# Complex Analysis/Complex differentiability

**Definition (complex differentiability)**:

Let , and let be a function. Let . We say that is **complex differentiable** in if and only if there exists a -linear function such that

- .

In the case , this condition is equivalent to the existence of the limit

- .

Indeed, if this limit is , then the -linear map in the above definition is just multiplication by , and vice-versa, any linear map is simply multiplicaton by an element of , which is then the limit.

**Proposition (Osgood's lemma)**:

Let be a continuous function.

## The Cauchy–Riemann equations

editSuppose that is a function which is complex differentiable in a ball , where is an element of and is a small constant (to which we shall refer as a *radius*).

A complex function can be uniquely written as , where and are functions . The function corresponds to the *real part* of , whereas the function corresponds to the *imaginary part* of , so that for all

- , .

Now since was supposed to be complex differentiable, it was supposed not to matter *from which direction* approaches . In particular, may approach along the -axis of the complex plane

or the -axis (which is defined in a similar way).

**Definition (Cauchy–Riemann equations)**:

**Theorem (Cauchy–Riemann equations)**:

Let be a continuously differentiable function and . Then is holomorphic if and only if it satisfies the Cauchy–Riemann equations.

**Proposition (differential equations satisfied by components of holomorphic functions)**:

Let be holomorphic, and write , where are real-valued. Then we have

and

- .

**Proof:** We have, by the Cauchy–Riemann equations and Clairaut's theorem,

and

- .

Note that this means that is a harmonic function.

## Computation rules

editIn the case of real differentiable functions, we have *computation rules* such as the *chain rule*, the *product rule* or even the *inverse rule*. In the case of complex functions, we have, in fact, precisely the same rules.

**Theorem 2.2**:

Let be complex functions.

- If and are complex differentiable in and , the function is complex differentiable in and (
**linearity of the derivative**) - If and are complex differentiable in , then so is (pointwise product with respect to complex multiplication!) and we have the
**product rule** - If is complex differentiable at and is complex differentiable at , then is complex differentiable at and we have the
**chain rule** - If is bijective, complex differentiable in a neighbourhood of and , then is differentiable at (
**inverse rule**) - If are differentiable at and , then (
**quotient rule**)

**Proof**:

First note that the maps of addition and multiplication

and

are continuous; indeed, let for instance be an open ball. Take such that . Now suppose that we have

- ,

where is to be determined later. Then we have

- ,

where . Upon choosing

- ,

we obtain by the triangle inequality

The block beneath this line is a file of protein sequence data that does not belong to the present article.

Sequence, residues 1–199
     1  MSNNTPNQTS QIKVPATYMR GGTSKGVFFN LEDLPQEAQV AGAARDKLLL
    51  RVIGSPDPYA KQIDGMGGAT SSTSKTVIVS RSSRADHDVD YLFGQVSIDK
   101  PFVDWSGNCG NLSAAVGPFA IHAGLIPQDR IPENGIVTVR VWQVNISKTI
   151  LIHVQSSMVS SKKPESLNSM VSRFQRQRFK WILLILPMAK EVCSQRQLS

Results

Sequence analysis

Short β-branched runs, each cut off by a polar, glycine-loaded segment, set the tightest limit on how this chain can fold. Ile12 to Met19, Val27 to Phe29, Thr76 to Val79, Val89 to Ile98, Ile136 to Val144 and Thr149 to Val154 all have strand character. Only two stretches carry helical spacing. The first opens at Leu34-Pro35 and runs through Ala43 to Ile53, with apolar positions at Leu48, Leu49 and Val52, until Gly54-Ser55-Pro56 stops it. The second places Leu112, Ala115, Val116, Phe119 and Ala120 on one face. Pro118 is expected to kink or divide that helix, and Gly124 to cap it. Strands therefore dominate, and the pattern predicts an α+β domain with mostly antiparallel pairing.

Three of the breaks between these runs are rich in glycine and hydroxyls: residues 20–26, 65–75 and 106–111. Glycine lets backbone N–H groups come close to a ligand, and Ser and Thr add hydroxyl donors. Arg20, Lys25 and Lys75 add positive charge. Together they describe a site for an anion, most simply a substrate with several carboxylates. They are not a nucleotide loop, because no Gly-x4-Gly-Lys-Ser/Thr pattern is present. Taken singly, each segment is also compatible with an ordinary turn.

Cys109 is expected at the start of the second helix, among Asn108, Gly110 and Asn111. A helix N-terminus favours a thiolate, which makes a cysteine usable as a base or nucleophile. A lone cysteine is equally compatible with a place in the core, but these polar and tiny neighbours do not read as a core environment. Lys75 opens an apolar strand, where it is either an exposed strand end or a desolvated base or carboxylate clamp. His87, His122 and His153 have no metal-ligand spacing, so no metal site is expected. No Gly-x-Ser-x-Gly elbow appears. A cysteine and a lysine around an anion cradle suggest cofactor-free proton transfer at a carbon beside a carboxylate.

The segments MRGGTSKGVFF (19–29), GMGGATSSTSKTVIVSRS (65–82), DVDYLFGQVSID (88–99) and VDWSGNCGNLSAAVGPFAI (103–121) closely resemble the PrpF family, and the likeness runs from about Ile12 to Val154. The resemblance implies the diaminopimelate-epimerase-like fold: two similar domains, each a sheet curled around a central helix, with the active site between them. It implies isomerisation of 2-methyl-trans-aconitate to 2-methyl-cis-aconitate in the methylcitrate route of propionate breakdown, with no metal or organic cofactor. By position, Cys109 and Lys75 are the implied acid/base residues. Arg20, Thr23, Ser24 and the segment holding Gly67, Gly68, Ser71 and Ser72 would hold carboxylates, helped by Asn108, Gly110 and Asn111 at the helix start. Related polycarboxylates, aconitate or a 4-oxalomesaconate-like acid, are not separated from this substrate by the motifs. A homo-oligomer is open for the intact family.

- ,

whence is open. If then is an open set, then will also be open, since is the union of open balls and inverse images under a function commute with unions.

The proof for addition is quite similar.

But from these two it follows that if are functions such that

- and ,

then

and

- ;

indeed, this follows from the continuity of and at the respective *points*. In particular, if is constant (say where is a fixed complex number), we get things like

- .

1. Now suppose indeed that ( open, so that we have a neighbourhood around and the derivative is defined in the sense that the direction in which goes to zero doesn't matter) are differentiable at . We will have

- .

4. Let indeed be a bijection between and which is differentiable in a neighbourhood of . By the inverse function theorem, is real-differentiable at , and we have, by the chain rule for real numbers,

- ( denoting the identity matrix in and the primes (e.g. ) denoting the Jacobian matrices of the functions
*seen as*functions , " " denoting matrix multiplication),

since we may just differentiate the function . However, regarding and as -algebras (or as rings; it doesn't matter for our purposes), we have a *morphism of algebras* (or rings)

- .

Moreover, due to the Cauchy

## Holomorphic (and meromorphic) functions

editLet be an open subset of the complex plane, and let be a function which is complex differentiable in (that means, in every point of ). Then we call *holomorphic* in .

If happens to be, in fact, *equal* to , so that is complex differentiable at every complex number, is called an **entire function**. We will see examples of entire functions in the chapter on trigonometry, where the exponential, sine and cosine function play central roles. Another important class of entire functions are *polynomials*.

### Polynomials are entire functions

editIn algebra, one studies polynomial rings such as , or, more generally, , where is a ring (one then has theorems that "lift" properties of to , eg. if is an integral domain, a UFD or noetherian, then so is ).

Now all elements of are entire functions. This is seen as follows:

Analogous to real analysis (with exactly the same proof), the function is complex differentiable. Thus, any polynomial

- ( complex coefficients, ie. constants)

is complex differentiable by linearity.

We may also define , an extension of in . This extension turns out to be equal to

- .

From this, there arises a polynomial ring . Let now be any compact subset of the complex plane, or even a bounded subset. Then it is easy to see from direct arguments that with respect to the topology of uniform convergence, is dense in . Alternatively, one finds that

## Exercises

edit- Prove that whenever are holomorphic, then